A worthwhile article, and Schweich’s book sounds very interesting.
8/24/2012: I was reminded of this post by Bill Waddell’s post here.
Posted in Advertising, Business, Human Behavior, Management, USA | 4 Comments »
Posted by Jonathan on 24th August 2012 (All posts by Jonathan)
An insightful critique:
But there is a much more important question being ignored by Gawande — How well does The Cheesecake Factory analogy really apply to health care? We can see how similar the kitchen is to an operating room — lots of busy people rushing about in a sterile environment, each concentrated on a task. But what about the rest of the “system?”
At The Cheesecake Factory, the customer is the diner. That’s who orders the service, pays the bill, and comes back again if he is happy. That is who all of the efficient, standardized food preparation is designed to please.
In Gawande’s ideal health care model, however, the customer isn’t the patient, but the third-party payer, be it an insurer or government. Let’s call that entity the TPP. The TPP never enters the kitchen. The TTP has no idea what happens in there, and doesn’t really care as long as the steak is cooked to his satisfaction and the tab is affordable.
In this model, the patient is actually the steak. It is the steak who is processed in the kitchen. It is the steak that is cut and cooked and placed on a platter. The steak doesn’t get a vote. Nobody cares if the steak is happy. The steak doesn’t pay the bill. The steak isn’t coming back again.
So here we are in Dr. Gawande’s kitchen, where you and I are slabs of meat and Chef Gawande will cook us to the specifications of his TPP customers — satisfaction guaranteed.
Worth reading in full.
(Via The Right Coast.)
Posted in Management, Medicine, Politics, Systems Analysis | 3 Comments »
Posted by David Foster on 4th August 2012 (All posts by David Foster)
Originally posted 2/24/2007
This post compares two school systems–Oakland, in northern California, and Compton, in southern California. Both have been trying to improve their performance–Compton has tried to reduce class size, boost teachers’ credentials, adopt a tougher curriculum, etc. Oakland has taken an approach based on competition and parental choice:
(In Oakland), kids are not required to attend their neighborhood school, especially if it is failing. Rather, they can pick any regular public or charter school in their district and take their education dollars with them; more students therefore means more revenues for schools. Furthermore, as the name suggests, the revenues are “weighted” based on the difficulty of educating each student, with low-income and special-needs kids commanding more money than smart, well-to-do ones. Schools have to compete for funding, but the upside is that they have total control over it.
Based on the statistics cited in the linked article, it appears that the kids in Oakland are doing better than those in Compton.
As regular readers of this blog know, just about everything reminds me of something else. And this post reminded me of something Peter Drucker wrote many years ago (in The Practice of Management, IIRC.)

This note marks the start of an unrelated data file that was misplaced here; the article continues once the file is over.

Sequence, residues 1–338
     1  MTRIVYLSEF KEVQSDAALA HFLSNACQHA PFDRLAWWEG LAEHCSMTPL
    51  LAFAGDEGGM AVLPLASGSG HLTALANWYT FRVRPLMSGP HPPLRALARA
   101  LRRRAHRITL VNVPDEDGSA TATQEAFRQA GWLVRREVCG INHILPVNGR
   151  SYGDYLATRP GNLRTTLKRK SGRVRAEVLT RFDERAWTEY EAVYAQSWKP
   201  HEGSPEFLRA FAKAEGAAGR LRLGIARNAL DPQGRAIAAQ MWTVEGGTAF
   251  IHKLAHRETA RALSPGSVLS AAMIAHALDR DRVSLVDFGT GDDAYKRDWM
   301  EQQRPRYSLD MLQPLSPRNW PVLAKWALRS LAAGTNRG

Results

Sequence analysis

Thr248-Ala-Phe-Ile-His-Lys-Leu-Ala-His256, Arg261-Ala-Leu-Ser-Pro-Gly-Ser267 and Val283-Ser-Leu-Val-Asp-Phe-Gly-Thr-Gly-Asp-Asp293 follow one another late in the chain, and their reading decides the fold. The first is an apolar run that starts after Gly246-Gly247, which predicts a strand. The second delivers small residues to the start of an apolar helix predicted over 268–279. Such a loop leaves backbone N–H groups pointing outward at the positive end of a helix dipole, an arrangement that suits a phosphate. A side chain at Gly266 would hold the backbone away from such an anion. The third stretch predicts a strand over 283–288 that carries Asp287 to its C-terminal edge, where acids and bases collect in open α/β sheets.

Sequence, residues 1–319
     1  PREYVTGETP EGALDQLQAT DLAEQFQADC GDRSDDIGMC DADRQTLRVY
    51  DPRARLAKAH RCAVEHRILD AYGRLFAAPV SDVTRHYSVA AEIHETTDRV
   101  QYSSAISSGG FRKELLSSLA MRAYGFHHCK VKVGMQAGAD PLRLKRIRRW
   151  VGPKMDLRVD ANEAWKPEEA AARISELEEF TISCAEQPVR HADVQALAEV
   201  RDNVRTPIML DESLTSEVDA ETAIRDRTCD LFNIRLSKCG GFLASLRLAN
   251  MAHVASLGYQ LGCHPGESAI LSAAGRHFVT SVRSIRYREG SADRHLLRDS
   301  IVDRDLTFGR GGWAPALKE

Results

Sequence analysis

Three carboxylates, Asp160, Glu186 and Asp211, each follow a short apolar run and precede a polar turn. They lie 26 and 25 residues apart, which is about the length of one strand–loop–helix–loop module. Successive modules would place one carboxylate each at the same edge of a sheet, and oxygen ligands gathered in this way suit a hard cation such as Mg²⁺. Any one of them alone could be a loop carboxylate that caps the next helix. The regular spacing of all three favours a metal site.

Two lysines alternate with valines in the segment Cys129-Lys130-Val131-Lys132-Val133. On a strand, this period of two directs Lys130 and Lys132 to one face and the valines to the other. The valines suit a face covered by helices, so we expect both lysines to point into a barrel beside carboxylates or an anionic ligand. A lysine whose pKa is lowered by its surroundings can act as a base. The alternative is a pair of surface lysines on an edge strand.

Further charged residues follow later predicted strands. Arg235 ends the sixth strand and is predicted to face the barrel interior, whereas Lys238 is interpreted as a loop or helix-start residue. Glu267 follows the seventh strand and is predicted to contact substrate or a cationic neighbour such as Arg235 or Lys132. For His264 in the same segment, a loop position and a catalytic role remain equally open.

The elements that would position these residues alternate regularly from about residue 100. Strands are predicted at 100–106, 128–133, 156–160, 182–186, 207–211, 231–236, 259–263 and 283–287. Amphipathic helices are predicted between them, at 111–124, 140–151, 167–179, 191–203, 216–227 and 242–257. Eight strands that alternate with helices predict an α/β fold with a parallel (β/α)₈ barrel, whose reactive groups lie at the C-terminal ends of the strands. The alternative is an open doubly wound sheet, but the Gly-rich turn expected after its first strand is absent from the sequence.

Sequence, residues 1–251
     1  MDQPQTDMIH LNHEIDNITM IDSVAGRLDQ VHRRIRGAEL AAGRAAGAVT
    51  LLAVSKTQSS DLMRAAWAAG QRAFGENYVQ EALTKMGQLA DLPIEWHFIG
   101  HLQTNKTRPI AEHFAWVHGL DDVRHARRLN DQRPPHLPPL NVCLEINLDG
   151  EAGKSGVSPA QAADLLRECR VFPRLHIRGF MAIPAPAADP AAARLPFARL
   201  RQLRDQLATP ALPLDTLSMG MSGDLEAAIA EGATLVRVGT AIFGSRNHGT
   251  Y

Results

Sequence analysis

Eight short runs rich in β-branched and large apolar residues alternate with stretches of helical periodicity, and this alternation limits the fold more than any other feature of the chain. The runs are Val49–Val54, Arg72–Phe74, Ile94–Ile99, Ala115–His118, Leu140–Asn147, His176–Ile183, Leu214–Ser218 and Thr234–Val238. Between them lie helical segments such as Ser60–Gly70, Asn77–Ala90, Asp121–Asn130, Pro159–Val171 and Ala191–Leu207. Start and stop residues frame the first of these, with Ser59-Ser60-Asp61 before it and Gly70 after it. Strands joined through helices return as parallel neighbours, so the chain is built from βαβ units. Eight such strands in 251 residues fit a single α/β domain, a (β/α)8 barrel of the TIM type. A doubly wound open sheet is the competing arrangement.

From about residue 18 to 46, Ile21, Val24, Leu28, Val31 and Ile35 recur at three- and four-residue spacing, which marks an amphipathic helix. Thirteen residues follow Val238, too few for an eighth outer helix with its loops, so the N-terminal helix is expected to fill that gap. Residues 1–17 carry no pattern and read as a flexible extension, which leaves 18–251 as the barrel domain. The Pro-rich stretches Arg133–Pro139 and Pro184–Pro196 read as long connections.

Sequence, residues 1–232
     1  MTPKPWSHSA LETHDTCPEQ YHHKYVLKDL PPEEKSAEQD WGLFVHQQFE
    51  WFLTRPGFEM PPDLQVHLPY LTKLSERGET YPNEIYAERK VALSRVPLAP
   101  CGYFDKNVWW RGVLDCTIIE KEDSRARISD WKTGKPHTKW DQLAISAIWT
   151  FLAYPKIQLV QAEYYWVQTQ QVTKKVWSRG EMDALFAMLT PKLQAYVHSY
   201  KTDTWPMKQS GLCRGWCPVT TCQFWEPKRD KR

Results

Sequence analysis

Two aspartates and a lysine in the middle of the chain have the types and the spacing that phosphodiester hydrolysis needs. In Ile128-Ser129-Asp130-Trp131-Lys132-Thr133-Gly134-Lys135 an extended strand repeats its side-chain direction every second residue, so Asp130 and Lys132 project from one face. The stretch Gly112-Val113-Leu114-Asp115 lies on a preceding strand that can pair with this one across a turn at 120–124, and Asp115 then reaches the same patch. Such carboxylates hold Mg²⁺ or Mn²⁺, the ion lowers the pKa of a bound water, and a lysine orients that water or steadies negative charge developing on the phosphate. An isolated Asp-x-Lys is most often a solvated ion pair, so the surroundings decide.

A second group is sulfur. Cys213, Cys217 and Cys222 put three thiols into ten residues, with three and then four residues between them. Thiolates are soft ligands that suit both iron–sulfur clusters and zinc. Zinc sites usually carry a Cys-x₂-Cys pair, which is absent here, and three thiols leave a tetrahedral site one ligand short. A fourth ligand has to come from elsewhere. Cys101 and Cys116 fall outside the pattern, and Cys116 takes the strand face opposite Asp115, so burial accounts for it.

Drucker compared two foundries, both of which were components of large manufacturing companies. In company A, the foundry was a purely internal operation–it made castings only for use in the company’s own manufacturing operations. In company B, the foundry made castings for internal use, but was also allowed to sell its services on the open market.
Over the years, Drucker observed, the company “A” foundry did a workmanlike job, but nothing spectacular. The same guy ran the place for well over a decade. The company “B” foundry, on the other hand, was continually at the forefront of innovation–and several of the foundry managers had been promoted to other parts of the business.
For both the school systems and the foundries, competition made the difference. When an organization deals only with those who arerequired to use its services, whether these be students in a school district or users of castings in a corpoation, there will be less dynamism than in an organization that must submit its services to the free choice of outsiders.
Posted in Education, Management | 8 Comments »
Posted by David Foster on 17th July 2012 (All posts by David Foster)
What should Marissa Mayer do with Yahoo?
Posted in Business, Management, Tech | 14 Comments »
Posted by David Foster on 15th July 2012 (All posts by David Foster)
A couple of weeks ago, there was a growing forest fire in northwestern Nevada. Fortunately, the Washoe County sheriff’s department had aloft in the area a fire-fighting helicopter tanked up with 323 gallons of water.
Unfortunately, it wasn’t clear whether the Federal land on which the fire was burning was under the jurisdiction of the Bureau of Land Management or under the jurisdiction of the Forest Service. If the former, then the chopper had approval to legally drop the water, if the latter, then it did not. So the team in the helicopter did nothing. More than 200 acres burned.
There have been a lot of stories like this lately. The thicket of rules governing life in America today has become so thick, and belief in the importance of adhering to these rules even in defiance of common sense has become so strong, that the default for many people has become the belief that inaction is safer than action.
In 1805, Lord Nelson said: